Recently, Bethany Genenbacher was elected as State President of the Illinois Chapter of the American Foundation for Suicide Prevention. Getting to know Bethany, you will soon discover she is a caring and passionate person, socially active and dedicated to the cause of suicide prevention. Her journey along this path began through personal tragedy as you will read in this interview.
When did you begin doing volunteer work in suicide prevention and what led to your decision?
I became involved with AFSP (The American Foundation for Suicide Prevention) in 2006. It started with walking 20 miles, overnight, to raise funds for AFSP. I walked another overnight walk in 2009. After this walk, I attended a legislation conference in Washington DC, with the purpose to educate legislators on suicide prevention and mental health issues. This trip was when I became actively involved in the organization.
I chose to become involved after my step-sister Jennifer completed suicide and I needed an outlet to cope with her death. I did not want my grief to define her life. Jennifer’s death altered me and my family and I wanted to become involved in part of the solution.
Share some of your reflections about Jennifer. What was she like?
The picture above of Jennifer when she graduated high school in 1994 is my favorite. She was passionate about life and attended college majoring in special education. She loved her family, but her favorite was her dog Hailey. Jennifer was fun, independent, and full of life, most of the time. However, she suffered with severe depression for most of her teen and early adult years. It was debilitating and drained the life out of her. Our family did the best we could to care for her. Then on June 25, 1998 Jennifer could bear it no more. She took her life. It was a shock to our entire family.
How did this painful experience influence the path your life would follow?
I wanted to take action to prevent suicide and to reach out to those that lost loved ones to suicide. It started out very personal for me and has grown since meeting so many families that have lost their loved ones to suicide. I am constantly humbled when they share their stories of pain and healing with me. When my sister died no one would say the word “suicide” and few people acknowledged her death. That was one of the most difficult aspects of the death. I wanted to ensure that if someone loses a loved one to suicide, they are able to talk about it.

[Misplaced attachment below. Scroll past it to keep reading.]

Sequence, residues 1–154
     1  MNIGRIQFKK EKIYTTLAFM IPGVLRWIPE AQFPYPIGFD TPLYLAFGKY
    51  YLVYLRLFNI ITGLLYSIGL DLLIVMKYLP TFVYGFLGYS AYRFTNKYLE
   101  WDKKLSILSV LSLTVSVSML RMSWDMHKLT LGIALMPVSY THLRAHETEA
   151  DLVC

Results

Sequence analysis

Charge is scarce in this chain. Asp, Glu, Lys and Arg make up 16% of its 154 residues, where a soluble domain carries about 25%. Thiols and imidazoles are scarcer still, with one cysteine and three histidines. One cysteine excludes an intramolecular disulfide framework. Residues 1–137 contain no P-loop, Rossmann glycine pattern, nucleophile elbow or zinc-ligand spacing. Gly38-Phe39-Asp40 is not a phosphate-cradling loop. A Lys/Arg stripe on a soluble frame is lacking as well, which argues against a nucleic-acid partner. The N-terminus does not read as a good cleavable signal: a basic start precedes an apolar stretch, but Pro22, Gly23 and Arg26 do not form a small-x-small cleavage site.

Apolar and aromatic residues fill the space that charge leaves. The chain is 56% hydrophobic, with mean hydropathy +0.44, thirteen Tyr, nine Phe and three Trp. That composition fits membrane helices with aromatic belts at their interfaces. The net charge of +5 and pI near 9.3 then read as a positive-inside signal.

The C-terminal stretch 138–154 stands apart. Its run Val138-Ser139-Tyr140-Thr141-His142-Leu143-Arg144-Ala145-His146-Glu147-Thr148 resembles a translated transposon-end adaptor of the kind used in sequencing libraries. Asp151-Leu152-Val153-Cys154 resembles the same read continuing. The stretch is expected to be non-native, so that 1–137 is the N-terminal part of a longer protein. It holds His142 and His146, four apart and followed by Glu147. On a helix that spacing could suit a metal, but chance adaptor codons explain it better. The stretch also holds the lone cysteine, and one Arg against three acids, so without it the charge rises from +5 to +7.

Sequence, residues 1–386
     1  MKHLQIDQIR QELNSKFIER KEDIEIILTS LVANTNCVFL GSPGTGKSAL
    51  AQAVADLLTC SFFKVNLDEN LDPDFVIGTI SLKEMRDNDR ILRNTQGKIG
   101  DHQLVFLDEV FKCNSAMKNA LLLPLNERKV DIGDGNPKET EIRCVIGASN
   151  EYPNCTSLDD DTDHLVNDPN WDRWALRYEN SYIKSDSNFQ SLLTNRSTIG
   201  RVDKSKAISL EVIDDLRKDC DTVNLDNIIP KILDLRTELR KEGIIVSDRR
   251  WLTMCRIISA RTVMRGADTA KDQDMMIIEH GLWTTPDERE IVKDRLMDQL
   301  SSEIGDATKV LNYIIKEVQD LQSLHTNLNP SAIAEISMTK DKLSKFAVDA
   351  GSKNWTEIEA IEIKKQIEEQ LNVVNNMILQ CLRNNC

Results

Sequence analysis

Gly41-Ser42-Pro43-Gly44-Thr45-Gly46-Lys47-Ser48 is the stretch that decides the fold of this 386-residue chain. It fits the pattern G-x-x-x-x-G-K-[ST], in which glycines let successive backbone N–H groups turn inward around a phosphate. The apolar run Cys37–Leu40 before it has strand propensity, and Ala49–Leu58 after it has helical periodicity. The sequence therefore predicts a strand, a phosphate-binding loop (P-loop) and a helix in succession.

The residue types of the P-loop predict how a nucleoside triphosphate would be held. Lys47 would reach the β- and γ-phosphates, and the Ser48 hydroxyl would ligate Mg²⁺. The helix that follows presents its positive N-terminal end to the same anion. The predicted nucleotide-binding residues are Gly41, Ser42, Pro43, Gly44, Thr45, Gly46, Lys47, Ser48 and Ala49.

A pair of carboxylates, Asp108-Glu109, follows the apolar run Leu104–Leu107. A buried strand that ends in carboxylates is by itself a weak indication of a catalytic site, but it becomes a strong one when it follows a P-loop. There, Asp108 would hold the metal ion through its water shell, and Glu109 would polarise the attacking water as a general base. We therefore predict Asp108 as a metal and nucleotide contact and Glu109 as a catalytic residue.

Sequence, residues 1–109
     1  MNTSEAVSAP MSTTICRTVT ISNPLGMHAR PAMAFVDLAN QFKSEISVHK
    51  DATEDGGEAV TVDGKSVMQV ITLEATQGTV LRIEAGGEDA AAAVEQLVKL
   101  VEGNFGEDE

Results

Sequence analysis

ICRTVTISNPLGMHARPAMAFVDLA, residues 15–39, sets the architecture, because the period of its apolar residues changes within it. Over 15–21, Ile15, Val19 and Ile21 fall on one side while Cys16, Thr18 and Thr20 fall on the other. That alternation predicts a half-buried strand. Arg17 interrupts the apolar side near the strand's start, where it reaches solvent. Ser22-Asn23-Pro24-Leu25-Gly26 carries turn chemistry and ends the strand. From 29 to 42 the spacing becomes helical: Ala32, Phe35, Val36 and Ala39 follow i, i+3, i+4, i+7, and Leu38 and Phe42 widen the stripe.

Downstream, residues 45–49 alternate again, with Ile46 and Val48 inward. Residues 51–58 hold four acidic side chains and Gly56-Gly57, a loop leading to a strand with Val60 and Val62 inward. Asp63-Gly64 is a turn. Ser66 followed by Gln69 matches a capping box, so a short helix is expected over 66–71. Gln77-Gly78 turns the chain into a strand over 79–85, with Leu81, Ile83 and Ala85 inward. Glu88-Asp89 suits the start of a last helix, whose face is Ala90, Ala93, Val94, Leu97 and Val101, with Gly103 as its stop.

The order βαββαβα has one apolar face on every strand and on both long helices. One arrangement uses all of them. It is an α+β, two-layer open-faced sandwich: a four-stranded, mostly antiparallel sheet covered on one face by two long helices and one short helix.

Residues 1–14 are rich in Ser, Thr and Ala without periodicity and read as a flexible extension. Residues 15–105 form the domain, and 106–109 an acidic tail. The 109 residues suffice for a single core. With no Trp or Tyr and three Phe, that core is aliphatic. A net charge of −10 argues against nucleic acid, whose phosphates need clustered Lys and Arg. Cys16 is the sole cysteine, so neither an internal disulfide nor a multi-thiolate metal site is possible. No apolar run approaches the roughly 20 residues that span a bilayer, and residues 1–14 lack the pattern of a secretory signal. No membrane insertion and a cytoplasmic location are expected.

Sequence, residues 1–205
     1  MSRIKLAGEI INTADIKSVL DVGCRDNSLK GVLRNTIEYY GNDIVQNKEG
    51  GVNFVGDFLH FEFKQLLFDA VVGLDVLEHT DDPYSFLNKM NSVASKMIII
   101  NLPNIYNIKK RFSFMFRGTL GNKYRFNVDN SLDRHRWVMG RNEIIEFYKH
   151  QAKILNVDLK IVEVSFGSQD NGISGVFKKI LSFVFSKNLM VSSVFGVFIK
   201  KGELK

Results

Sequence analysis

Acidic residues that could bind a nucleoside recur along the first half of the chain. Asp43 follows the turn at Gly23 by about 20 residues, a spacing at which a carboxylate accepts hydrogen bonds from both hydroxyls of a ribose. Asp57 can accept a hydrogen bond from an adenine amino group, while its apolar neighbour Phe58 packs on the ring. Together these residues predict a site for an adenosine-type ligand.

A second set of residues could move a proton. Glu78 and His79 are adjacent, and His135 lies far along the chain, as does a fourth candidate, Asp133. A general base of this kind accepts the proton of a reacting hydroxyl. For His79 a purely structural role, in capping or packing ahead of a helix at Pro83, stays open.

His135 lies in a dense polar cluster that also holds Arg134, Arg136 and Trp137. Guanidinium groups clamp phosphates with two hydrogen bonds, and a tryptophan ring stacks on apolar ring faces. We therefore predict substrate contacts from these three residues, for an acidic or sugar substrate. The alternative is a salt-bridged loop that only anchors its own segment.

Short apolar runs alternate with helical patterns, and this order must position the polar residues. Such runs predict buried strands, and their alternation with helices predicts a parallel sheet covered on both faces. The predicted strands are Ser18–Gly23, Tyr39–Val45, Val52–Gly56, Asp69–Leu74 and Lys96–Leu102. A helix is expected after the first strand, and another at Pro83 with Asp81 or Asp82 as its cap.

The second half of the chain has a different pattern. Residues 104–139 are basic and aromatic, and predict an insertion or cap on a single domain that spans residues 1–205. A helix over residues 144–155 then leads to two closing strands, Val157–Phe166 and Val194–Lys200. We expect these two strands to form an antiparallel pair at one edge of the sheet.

For those whose lives have been impacted by a completed suicide of a loved one, friend, or co-worker, what advice can you give them?
Talk about it. Find those that are willing to listen. Share not only the story of their death, but the stories of their lives. Educate yourself about suicide. Consider attending a support group that understands how suicide impacts families.
What advice can you give to someone who is having suicidal thoughts?
Talk to someone, right away. Don’t suffer with those feelings alone. There are people that will understand and listen. Talk to a friend, family member, therapist. You can also call the National Suicide Prevention Hotline at 1800-273-TALK (8255). You can also go to your local ER and they will help to refer you to services that will help. Keep talking until you get the help you need.Talk about it. Find those that are willing to listen. Share not only the story of their death, but the stories of their lives. Educate yourself about suicide. Consider attending a support group that understands how suicide impacts families.